PA mortgage rates stay low as election impacts home loan deals

Posted by  on Dec 20, 2010

Pennsylvania mortgage rates remain at all time lows. However, residents of the Keystone State must contend with the fallout from recent election results that have made some of the region's employers and lawmakers nervous about a redistribution of wealth. According to Representative John Taylor, the Philadelphia region faces what he calls an "ultramarathon of pain" after a political power shift that will favor Pittsburgh and other parts of Western and Central Pennsylvania.

Taylor, along with Philadelphia city politicians, have already started mourning what they perceive will be a steep decline in state aid for city infrastructure projects that often benefit large employers. Outgoing Governor Ed Rendell, a former mayor of Philadelphia, was widely credited with using his personal and professional connections to pull tax dollars to the eastern half of the state. With Rendell's retirement and a lack of influential incoming lawmakers from the state's largest city, pundits anticipate a shift of support toward Allegheny County and its industrial base.

Other politicians accuse Taylor of grandstanding for headlines, citing a state budget deficit as high as $5 billion as reason for concern across the commonwealth. Lawmakers across the state have gone on record with a variety of ideas for new taxes, ranging from enhanced wage taxes on state residents to higher levies on commercial properties. Large employers have expressed concern about job prospects in the state, especially if new taxes force them to consider relocating offices and jobs.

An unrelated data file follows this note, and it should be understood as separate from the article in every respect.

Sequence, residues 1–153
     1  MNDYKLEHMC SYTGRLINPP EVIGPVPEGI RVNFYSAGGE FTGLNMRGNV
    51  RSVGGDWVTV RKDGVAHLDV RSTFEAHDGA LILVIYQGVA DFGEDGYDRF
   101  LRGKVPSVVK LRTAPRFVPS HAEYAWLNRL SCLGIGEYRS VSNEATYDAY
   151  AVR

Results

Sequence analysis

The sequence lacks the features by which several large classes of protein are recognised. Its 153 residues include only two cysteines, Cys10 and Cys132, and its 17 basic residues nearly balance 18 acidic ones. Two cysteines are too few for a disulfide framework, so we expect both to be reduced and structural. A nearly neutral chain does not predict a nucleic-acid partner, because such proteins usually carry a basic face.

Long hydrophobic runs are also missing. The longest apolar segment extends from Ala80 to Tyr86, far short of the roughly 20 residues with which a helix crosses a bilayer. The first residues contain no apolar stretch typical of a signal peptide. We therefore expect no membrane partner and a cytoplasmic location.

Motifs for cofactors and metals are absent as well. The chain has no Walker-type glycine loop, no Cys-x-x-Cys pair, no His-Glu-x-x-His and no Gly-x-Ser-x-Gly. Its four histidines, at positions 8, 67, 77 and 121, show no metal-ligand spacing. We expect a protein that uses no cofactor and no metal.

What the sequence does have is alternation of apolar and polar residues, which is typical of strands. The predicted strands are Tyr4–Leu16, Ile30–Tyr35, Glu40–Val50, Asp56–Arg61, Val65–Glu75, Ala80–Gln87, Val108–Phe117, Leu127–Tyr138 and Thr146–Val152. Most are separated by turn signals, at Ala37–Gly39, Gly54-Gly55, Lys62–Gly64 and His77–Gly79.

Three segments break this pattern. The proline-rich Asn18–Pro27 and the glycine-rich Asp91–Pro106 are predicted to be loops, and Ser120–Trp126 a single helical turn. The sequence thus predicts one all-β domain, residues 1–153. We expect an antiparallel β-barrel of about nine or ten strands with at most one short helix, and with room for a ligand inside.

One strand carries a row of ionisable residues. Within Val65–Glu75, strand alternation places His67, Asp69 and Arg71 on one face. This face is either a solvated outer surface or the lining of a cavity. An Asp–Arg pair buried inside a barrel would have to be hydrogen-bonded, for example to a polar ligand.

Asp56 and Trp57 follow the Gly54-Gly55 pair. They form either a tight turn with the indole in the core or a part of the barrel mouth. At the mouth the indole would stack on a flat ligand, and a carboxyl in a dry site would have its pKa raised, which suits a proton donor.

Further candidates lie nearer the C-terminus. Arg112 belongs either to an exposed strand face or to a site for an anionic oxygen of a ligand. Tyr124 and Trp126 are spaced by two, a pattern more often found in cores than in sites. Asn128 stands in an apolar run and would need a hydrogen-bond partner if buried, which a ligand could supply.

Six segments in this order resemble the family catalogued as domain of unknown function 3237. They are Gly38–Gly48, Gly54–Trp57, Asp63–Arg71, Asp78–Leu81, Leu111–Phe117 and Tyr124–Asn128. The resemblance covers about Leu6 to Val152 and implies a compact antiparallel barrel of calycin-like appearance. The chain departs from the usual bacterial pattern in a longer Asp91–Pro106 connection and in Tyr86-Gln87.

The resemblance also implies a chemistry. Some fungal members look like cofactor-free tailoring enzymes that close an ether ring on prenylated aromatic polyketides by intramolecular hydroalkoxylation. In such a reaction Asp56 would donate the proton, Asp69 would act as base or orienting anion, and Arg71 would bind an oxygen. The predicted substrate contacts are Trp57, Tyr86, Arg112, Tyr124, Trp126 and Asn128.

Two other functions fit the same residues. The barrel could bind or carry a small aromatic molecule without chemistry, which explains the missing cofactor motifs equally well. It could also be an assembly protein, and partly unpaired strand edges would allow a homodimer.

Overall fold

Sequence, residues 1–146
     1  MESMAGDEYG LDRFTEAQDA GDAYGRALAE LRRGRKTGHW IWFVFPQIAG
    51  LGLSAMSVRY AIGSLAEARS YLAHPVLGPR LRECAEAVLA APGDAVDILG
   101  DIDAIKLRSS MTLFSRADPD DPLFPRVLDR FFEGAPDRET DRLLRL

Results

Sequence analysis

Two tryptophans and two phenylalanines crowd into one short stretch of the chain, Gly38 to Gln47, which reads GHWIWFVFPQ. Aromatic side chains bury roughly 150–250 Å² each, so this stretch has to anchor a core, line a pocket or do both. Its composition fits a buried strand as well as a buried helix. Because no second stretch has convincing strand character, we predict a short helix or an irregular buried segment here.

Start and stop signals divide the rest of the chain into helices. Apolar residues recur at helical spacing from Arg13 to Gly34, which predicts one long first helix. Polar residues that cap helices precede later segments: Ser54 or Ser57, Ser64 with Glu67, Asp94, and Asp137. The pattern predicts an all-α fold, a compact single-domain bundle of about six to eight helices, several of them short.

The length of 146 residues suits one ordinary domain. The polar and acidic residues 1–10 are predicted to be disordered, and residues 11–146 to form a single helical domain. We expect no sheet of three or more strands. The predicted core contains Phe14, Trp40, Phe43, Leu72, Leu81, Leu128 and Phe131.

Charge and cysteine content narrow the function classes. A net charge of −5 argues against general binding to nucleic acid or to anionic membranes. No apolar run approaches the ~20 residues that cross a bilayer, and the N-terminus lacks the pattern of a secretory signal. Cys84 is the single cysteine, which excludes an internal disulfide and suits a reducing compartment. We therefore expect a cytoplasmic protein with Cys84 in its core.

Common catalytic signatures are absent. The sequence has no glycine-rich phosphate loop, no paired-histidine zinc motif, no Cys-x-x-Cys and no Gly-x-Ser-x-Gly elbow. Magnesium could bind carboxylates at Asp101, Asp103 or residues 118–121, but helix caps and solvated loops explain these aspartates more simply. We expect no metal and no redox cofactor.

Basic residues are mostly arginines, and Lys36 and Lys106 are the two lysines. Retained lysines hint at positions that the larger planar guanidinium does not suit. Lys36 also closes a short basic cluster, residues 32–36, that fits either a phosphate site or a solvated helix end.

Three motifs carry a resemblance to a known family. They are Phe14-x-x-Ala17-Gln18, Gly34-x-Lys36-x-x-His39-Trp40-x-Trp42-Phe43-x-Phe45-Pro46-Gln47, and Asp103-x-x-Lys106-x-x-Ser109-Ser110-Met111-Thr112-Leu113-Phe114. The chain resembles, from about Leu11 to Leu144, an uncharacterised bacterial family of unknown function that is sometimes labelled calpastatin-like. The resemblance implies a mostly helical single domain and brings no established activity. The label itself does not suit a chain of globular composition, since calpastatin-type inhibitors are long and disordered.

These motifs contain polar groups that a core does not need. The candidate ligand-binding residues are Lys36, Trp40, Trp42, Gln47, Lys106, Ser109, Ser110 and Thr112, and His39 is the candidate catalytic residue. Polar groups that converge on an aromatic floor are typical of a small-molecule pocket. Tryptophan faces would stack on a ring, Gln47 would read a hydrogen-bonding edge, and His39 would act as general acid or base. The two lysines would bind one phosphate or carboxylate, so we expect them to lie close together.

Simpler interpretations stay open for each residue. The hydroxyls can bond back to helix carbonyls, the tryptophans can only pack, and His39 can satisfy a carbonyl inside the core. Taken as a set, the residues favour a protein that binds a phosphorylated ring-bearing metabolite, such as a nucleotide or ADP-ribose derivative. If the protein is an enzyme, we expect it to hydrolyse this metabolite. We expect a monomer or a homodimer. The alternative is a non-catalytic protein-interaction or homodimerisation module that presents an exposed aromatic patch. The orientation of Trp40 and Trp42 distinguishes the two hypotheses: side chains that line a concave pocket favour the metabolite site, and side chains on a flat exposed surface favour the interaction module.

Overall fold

Spooked employers give mortgage lenders reasons to pause

As a result, mortgage lenders have been reluctant to set up refinance deals or new home loans for Pennsylvania residents without extremely strong credit.

A recent National Public Radio segment profiled some of the challenges faced by homeowners in the region. Borrowers with credit scores below 660 may not necessarily qualify for the lowest PA mortgage rates. Lenders want to know more than ever about borrowers' financial backgrounds and employment histories before proceeding with the underwriting process.

Homeowners may need to shop rates from a larger sample of mortgage brokers and mortgage lenders before finding a money-saving deal. Pennsylvania may have escaped the housing bubble, but the impact of a protracted economic slowdown could chill the state's real estate market over the next few years.


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